Canard Stories: USDA and Lost Acres
In the far-off 1992 when the trees were mighty and most of the Ukrainian agrarian market gurus have not yet been born, a container ship Ever Laurel, proudly owned by the company Evergreen, was on its way from Hong Kong to Tahoma. The vessel was caught up in a storm, and rumour has it, from the damaged container some rubber toys fell into the water. Ultimately, they helped scientists to learn more about the movement of the currents in the Pacific Ocean. Famous rubber ducks were being found for many years to come on the beaches of different countries in the area.
Evergreen could claim a motto “We create memes from 1992”. If they won’t go bust before that, that is. Or they could enter into collaboration with the USDA, who has grossed in efforts either to surprise or to crack up the world community as of late. From the moment of publication of their latest report about the structure of planted acres in the US, the season of moaning and groaning about the actual numbers and with what speed can be announced officially open.
The American Ministry is characterized by prolificacy, and some of the reports are known to have detrimentally impacted resilient nerves of trading robots at the exchange. Only a few weeks ago the market has started betting on the structure of the planted area. So, what do the American farmers choose to believe? Soybeans to corn ratio, having touched 2.6p tells us that either soybeans are undervalued or corn is overvalued. This is somehow swaying the farmer towards soybeans. Ever since the February presentation Agriculture Outlook Forum, where it was announced that area under wheat will reach 45 million acres, area under corn – 92 million acres, and area under soybeans – 90 million acres, prices have somehow changed, while market expectations have focused around the levels close to 92.8 million acres of corn and 90.3 million acres of soybeans, taking into account that traditionally American farmers have been less attracted to wheat. I want to point out that in the current season, the planted area under corn was 90.8 million acres wherefrom 82.5 million acres were harvested. Soybeans were planted on 83.1 million acres, wherefrom 82.3 million acres were harvested. That is, the theory about the price ratio for the last contracts in a calendar year still works – the market saw a more rapid increase in the area under soybeans compared to last year than under corn.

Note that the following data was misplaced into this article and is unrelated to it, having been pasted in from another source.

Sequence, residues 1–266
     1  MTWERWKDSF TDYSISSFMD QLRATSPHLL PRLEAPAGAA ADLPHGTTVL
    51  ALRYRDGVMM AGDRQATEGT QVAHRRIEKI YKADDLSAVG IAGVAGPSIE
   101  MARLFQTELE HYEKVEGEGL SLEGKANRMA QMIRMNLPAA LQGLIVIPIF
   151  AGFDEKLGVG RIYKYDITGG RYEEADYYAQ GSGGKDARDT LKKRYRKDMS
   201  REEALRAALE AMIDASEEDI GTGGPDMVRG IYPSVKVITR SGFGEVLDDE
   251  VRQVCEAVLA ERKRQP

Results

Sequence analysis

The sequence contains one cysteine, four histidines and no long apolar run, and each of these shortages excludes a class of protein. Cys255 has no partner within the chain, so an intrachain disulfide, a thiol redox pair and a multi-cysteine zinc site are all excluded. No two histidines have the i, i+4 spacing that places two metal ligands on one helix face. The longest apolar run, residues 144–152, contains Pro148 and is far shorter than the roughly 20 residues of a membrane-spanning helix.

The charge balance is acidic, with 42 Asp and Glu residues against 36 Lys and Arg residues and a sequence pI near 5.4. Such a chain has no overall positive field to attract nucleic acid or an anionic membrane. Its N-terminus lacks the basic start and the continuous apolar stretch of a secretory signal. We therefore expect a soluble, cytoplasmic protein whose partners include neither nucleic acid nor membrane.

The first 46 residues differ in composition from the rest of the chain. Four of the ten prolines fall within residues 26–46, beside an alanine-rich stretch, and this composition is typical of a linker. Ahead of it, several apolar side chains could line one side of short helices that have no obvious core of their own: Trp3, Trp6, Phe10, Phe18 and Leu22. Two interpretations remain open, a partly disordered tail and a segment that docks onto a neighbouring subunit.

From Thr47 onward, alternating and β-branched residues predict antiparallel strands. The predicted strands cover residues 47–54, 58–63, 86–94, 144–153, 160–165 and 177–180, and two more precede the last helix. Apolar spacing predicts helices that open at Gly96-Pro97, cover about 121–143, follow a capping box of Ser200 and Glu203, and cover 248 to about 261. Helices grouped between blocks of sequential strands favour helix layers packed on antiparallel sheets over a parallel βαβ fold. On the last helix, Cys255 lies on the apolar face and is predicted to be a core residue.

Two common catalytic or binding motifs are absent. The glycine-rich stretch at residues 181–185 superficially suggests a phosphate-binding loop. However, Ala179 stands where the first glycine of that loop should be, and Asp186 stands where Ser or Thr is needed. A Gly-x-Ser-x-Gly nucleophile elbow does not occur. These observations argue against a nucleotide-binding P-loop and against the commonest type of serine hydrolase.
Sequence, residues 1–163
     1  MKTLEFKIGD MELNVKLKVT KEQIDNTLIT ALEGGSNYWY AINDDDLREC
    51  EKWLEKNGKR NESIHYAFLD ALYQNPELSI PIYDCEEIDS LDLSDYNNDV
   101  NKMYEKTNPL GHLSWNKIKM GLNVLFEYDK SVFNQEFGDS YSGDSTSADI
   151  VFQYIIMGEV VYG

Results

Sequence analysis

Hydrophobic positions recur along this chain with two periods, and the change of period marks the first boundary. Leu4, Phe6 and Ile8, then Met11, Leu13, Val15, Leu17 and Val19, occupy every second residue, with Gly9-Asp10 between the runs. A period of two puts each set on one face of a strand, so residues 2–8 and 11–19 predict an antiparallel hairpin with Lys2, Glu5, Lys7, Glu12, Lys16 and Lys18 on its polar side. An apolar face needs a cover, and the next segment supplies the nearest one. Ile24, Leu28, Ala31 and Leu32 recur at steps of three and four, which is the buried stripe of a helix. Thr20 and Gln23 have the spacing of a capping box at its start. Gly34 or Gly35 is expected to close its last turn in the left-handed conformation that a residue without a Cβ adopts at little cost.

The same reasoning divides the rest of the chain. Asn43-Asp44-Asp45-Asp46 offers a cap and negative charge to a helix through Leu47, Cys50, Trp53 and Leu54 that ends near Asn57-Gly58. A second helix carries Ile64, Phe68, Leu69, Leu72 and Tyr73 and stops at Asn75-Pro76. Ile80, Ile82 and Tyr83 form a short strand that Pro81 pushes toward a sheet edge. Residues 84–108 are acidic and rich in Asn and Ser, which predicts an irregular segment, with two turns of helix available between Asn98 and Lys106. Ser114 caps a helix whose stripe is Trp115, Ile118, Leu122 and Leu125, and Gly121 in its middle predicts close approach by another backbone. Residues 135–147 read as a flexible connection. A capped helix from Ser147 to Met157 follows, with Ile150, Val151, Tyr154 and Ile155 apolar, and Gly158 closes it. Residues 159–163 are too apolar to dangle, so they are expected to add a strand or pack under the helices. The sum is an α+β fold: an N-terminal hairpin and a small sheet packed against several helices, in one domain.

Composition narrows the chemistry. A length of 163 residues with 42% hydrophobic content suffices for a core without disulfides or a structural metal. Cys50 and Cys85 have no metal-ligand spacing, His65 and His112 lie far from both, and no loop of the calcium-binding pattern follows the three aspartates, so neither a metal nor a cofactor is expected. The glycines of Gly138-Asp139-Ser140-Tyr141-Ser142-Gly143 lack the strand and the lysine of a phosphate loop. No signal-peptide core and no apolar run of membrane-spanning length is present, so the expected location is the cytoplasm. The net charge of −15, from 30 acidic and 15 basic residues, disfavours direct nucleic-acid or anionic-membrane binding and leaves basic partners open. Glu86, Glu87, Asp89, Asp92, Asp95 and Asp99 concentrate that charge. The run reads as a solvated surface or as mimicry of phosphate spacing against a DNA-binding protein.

The physical market has been sluggish in recent days, there was no demand, there was nothing special to feed the bulls with. China, after an exchange of barbs and accusations with the Americans in Alaska, is sitting in ambush and counting dead pigs. Argentina is harvesting corn while listless strikes go on here and there. Brazil has come to its senses and is catching up with the pace of fieldwork. The Black Sea region is crying its eyes out. The Russians themselves cannot figure out how to calculate the amount of the new duty, while corn is persistently expensive in Ukraine as if the farmers are privy to something.
In general, everything would be fine: wheat would continue to fall in price on expectations of a good harvest, corn would be forced to go down, the sunflower seeds would keep company to black caviar prices. Were it not for the USDA.